We are fast heading towards a future where printers will be used to spew out solid objects of all dimensions. This means, a print out of the Eiffel tower will yield a solid miniature model of the tower. Yes, that’s what 3D- printing is all about – a technology that delivers tangible goods over the internet. With the click of a mouse it would be possible for us to have an acoustic guitar, camera lens, model of a developing fetus, IPad stands, bikinis, prosthetics, coffee mugs and almost any conceivable thing under the sun.
Organizations have begun to tap into the benefits of this technology in varied ways. Nike now uses 3D printers to create multi-colored prototypes of shoes instantly. NASA has already successfully tested a 3D printer on the International Space Station. It now requires a high resolution 3D printer to manufacture spacecraft parts during deep space missions.
General Motors and Ford Motors are using 3D printing to make prototypes of many parts of their vehicles. In the medical world, the transformation has been particularly revolutionary – a 3D printed skull for saving life and 3D printed leg to help a disabled dog run.
While these stunning developments, almost bordering on the surreal, may take some time to strike home, it’s time we conjure up the impact of this technology in the field of education. Imagine the reaction of a child every time you hand him over a miniature model of his drawings. The experience would be powerful enough to turn him into an active creator, consumed with a relentless desire to explore more.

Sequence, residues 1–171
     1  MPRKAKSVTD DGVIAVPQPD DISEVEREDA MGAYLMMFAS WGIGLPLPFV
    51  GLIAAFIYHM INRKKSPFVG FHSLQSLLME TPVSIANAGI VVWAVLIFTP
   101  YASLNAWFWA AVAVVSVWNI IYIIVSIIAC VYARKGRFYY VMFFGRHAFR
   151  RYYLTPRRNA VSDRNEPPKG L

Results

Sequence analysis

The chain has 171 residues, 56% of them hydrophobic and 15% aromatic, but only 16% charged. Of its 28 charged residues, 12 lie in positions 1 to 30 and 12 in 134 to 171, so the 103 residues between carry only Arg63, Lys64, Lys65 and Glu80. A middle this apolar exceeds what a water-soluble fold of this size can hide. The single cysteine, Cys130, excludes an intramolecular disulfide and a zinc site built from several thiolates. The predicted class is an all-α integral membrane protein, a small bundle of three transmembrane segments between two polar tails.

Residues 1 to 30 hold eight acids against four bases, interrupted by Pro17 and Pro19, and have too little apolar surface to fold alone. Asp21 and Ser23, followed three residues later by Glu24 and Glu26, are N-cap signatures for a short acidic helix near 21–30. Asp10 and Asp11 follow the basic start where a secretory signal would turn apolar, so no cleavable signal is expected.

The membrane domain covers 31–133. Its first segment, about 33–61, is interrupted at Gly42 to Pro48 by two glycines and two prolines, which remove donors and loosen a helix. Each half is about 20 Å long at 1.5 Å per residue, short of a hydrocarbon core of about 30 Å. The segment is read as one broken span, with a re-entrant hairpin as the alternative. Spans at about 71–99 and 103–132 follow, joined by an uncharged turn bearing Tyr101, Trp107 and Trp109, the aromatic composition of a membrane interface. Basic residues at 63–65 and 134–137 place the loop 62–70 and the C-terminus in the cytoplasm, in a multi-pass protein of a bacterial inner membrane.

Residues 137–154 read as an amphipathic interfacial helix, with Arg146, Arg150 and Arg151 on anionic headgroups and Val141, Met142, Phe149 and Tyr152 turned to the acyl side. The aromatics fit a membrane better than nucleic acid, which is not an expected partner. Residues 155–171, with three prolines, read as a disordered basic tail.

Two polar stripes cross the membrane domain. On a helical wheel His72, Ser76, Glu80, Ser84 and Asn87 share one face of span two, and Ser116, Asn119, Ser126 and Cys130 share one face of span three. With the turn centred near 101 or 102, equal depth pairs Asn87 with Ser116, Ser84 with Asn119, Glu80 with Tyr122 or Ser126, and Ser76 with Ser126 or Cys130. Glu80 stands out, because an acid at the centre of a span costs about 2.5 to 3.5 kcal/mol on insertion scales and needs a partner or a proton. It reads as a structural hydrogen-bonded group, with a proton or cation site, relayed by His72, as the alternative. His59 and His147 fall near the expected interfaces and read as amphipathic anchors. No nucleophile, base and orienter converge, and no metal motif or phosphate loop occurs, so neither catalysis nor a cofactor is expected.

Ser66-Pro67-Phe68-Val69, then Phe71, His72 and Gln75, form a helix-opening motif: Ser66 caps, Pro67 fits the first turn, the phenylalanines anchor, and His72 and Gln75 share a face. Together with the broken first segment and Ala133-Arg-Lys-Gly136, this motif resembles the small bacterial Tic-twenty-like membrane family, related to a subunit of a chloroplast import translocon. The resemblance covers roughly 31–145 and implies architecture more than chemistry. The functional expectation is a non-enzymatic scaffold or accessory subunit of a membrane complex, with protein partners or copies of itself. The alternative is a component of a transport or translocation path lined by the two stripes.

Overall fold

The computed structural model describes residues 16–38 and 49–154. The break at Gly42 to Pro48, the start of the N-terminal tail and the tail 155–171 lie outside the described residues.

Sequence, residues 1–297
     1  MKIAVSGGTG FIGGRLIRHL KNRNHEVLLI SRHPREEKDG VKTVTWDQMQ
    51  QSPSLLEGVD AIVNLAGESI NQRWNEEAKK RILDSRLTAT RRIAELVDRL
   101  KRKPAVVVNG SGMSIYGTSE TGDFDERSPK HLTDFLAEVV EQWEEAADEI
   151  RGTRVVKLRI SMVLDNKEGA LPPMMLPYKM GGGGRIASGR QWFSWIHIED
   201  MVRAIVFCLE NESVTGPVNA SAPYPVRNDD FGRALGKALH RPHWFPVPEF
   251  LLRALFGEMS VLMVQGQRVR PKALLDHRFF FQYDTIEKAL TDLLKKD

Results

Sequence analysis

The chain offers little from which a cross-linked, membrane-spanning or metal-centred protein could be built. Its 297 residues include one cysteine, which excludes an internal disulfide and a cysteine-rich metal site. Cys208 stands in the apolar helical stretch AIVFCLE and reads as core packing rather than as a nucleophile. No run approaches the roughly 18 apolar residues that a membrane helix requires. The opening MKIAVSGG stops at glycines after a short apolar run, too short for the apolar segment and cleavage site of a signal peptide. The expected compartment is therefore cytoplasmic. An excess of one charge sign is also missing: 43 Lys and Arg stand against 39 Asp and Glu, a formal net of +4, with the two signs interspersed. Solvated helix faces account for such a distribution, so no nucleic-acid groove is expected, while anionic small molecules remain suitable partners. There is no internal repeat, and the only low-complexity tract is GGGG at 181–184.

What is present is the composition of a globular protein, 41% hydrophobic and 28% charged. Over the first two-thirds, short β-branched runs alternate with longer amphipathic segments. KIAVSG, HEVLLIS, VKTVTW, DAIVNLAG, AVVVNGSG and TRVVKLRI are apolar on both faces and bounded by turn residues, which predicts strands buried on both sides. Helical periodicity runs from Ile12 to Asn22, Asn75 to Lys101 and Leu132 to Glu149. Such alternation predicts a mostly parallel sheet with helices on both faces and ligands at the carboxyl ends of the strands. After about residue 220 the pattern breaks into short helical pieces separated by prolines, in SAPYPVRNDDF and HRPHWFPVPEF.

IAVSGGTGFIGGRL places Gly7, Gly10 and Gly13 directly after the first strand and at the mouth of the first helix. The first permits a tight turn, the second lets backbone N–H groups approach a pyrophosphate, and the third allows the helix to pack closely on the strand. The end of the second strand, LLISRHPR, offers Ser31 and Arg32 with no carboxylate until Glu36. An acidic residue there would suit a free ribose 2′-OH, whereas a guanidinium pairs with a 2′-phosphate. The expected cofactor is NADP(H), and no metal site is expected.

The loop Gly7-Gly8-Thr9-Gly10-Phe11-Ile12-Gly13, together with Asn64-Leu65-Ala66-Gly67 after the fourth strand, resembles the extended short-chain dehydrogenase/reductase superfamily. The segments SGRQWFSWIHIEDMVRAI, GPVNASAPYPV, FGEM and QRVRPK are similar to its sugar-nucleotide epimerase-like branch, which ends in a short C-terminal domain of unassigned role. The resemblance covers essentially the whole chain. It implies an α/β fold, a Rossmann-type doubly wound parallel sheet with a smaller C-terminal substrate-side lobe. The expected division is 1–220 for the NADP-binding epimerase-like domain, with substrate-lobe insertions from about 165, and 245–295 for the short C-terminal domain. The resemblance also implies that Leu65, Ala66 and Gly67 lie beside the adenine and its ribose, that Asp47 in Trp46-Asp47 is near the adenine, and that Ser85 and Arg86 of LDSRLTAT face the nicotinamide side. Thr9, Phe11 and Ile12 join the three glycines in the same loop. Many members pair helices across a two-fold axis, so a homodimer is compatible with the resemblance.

The big advantage with 3-D technology is that it would allow for a greater level of customization to individual needs. With such customizations it would become a lot easier for the biology student to print out and examine cross-sections of lungs, heart, kidney or other organs; for the chemistry student to print out and understand the complex structure of molecules or for the geography student to print out maps showing the topography or demographics of a region.
Likewise, engineering and design students would find it easier to demonstrate prototypes of their creations, and students of architecture can validate their ideas with handy 3D models of their designs.
Yet another benefit would be, narrowing down of the existing gap between theoretical and practical learning. 3D printing will familiarize students with concepts and their application from an early stage and will encourage experimentation cutting across skill-levels. Testing and retesting ideas while working on projects will get easier and more absorbing. For instructors, the going could get lot easier as well. It would provide them with an opportunity to explain difficult concepts with a three-dimensional visual aid.
The need to change our education system from class room based to lab-based has long been debated, but to no effect. With the advent of 3D printer, classrooms would soon become more like labs where students will have a lot more to do than just sit through hours of lectures.